European Central Bank Signals Coming Rate Cut, Setting Up Split With Fed


The European Central Bank gave its clearest signal yet on Thursday that it might lower interest rates at its next policy meeting, in June.

The indication that European policymakers would push ahead with rate cuts in the next few months as inflation slows and the region’s economy languishes opens up a divergence with the United States, where price pressures are still relatively hot.

The E.C.B., which sets interest rates for the 20 countries that use the euro, held rates steady, keeping the deposit rate at 4 percent, the highest in its history. It was the fifth consecutive decision to leave rates untouched. But officials added that if incoming data — on consumer prices and the effect of past rate increases — gave them more confidence that inflation was on a sustainably lower path, they would start pulling back the restrictive policy stance.

“In June, we know that we will get a lot more data,” Christine Lagarde, president of the bank, said at a news conference in Frankfurt.

Officials will look at that data and new economic forecasts for the eurozone and “determine whether all of that confirms that inflation returns to target in a sustained manner,” she said. They are waiting to have their confidence reinforced, she added.

A few members of the 26-person Governing Council were ready to begin lowering rates at this week’s meeting, Ms. Lagarde said, but they joined the consensus, which preferred to wait for more information.

Central bankers on both sides of the Atlantic have been trying to work out the delicate timing of when to loosen their policy. They don’t want to keep rates higher longer than necessary and hurt their economies. At the same time, they don’t want to ease too soon and revive price pressures. Considerable progress has been made in bringing inflation down from its multidecade highs in late 2022, but returning inflation all the way to their targets, typically 2 percent, is expected to be a bumpy process.

In the eurozone, “inflation is expected to fluctuate around current levels in the coming months and to then decline to our target next year,” Ms. Lagarde said, as wage growth slows and the impact of the pandemic and energy crisis continues to fade.

Last month, inflation in the eurozone slowed to 2.4 percent, closing in on the central bank’s target. Policymakers, wanting to be sure that price growth stays low, have focused on core inflation. That number better reflects domestic price pressures because it excludes volatile energy and food prices, which are heavily influenced by global prices. In March, core inflation slowed to 2.9 percent, more than economists expected.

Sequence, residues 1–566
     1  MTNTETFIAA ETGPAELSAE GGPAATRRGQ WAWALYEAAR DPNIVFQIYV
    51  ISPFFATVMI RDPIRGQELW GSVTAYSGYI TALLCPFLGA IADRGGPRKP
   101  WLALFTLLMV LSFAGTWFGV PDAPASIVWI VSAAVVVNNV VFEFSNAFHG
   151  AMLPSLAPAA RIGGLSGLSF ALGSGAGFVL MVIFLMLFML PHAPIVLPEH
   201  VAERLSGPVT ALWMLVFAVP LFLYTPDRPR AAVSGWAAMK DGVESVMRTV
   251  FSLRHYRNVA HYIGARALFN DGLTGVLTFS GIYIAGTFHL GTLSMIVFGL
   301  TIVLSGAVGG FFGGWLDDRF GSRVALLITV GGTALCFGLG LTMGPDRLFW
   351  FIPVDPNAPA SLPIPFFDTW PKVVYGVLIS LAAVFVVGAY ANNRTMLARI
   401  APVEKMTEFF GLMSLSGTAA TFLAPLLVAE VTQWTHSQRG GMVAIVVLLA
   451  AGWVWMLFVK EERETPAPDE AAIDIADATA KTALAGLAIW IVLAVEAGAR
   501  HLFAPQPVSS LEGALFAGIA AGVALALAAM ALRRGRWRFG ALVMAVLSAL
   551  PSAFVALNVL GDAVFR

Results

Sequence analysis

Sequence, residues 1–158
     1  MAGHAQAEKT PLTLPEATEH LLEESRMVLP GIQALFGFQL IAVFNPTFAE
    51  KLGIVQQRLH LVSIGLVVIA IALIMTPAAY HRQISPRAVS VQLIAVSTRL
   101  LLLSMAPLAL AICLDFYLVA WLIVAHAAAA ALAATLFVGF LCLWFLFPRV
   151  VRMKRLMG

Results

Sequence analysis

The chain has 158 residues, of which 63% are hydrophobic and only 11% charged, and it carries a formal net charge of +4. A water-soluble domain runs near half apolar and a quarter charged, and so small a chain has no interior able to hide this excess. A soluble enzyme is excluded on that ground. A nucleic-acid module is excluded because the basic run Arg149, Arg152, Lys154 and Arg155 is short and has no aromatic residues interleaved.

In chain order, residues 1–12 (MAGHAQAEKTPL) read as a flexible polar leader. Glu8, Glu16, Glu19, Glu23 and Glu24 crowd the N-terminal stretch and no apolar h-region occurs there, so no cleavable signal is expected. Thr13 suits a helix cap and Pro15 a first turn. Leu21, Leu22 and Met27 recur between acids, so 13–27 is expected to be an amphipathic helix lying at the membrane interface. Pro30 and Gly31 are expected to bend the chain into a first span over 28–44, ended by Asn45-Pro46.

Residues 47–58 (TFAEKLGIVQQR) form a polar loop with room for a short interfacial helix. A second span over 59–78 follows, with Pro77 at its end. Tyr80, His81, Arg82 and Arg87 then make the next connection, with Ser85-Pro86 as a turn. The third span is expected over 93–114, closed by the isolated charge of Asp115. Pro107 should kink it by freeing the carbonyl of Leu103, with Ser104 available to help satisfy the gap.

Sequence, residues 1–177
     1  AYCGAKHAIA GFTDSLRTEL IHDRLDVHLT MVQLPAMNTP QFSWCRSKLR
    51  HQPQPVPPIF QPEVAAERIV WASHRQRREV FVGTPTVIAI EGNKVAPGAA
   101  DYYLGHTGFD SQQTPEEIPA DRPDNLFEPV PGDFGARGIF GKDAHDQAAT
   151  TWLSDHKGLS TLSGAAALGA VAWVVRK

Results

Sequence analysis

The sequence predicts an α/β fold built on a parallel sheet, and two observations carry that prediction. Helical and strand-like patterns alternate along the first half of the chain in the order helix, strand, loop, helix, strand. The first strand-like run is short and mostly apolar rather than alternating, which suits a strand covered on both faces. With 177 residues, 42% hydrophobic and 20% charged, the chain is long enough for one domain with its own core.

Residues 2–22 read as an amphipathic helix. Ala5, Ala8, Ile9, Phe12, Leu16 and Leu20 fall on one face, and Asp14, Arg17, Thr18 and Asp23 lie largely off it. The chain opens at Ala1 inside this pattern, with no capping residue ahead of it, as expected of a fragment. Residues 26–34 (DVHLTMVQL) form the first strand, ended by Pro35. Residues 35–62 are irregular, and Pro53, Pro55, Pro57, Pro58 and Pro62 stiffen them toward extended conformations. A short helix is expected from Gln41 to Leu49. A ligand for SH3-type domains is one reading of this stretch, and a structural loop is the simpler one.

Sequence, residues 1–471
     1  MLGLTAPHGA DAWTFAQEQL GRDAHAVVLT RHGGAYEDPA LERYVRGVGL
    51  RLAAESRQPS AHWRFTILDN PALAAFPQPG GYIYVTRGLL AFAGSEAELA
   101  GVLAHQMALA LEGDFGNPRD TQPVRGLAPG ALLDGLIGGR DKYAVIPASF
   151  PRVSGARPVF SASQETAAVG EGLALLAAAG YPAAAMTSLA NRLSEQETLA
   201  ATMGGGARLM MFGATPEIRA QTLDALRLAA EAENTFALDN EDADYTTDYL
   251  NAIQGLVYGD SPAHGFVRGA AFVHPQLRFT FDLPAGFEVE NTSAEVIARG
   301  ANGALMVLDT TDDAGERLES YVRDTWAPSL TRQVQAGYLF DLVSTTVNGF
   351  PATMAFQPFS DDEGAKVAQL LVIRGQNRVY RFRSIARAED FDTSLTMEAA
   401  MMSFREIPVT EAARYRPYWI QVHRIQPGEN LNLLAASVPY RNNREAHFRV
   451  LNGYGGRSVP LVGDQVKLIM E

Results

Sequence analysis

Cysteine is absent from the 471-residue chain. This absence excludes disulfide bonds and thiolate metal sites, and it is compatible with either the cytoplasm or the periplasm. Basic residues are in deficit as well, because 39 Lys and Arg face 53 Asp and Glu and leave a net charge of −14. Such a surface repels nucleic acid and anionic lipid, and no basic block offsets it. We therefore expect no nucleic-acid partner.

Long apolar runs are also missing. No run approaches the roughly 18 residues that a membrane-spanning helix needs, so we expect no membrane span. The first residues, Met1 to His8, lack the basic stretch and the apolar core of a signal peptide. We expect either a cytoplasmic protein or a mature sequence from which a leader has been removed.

Ms. Lagarde warned on Thursday that inflation in the services sector was still high, evidence that some price pressures were still persistent in the bloc. The central bank has also been watching wages, considered a sticky source of services inflation. Officials expect to get more data on annual wage negotiations by the June policy meeting.

So far, wage pressures are easing as hoped. The central bank said on Thursday that wage gains were “gradually moderating” while companies were absorbing some of the cost of higher wages in their profits, rather than passing them on to customers.

Investors are betting heavily that the E.C.B. will cut rates three times this year, starting in June.

By comparison, inflation in the United States has come in hotter than expected for three months in a row, upending expectations that the Federal Reserve might start cutting rates this summer.

“That the E.C.B. goes first is unusual,” analysts at Berenberg bank said a note. “But the difference in current economic performance more than justifies that.”

On Wednesday, data showed the U.S. Consumer Price Index rose to 3.5 percent in March, up from 3.2 percent the previous month. Investors quickly reduced their bets on rate cuts, pushing up yields on government bonds, which affects borrowing costs.

Analysts at Royal Bank of Canada said they now expected the Fed to start rate cuts in December. But it was too soon to know, they said, if that divergence would persist. The idea that European central banks would deliver a deep rate-cutting cycle while the Fed kept rates high for an extended period “seems very questionable to us,” the analysts wrote in a note.

“We are data dependent, we are not Fed dependent,” Ms. Lagarde said. But she acknowledged that the impact of what happens in the United States, such as moving financial markets and currency exchange rates, does have an effect on Europe, an effect that gets embedded into the central bank’s economic forecasts, she said.

European policymakers steered clear of suggesting a longer-term trajectory for interest rates, giving no signs of how many times and how quickly they might continue to cut rates once they started.

“We are not pre-committing to a particular rate path,” Ms. Lagarde said. “But the direction is rather clear.”



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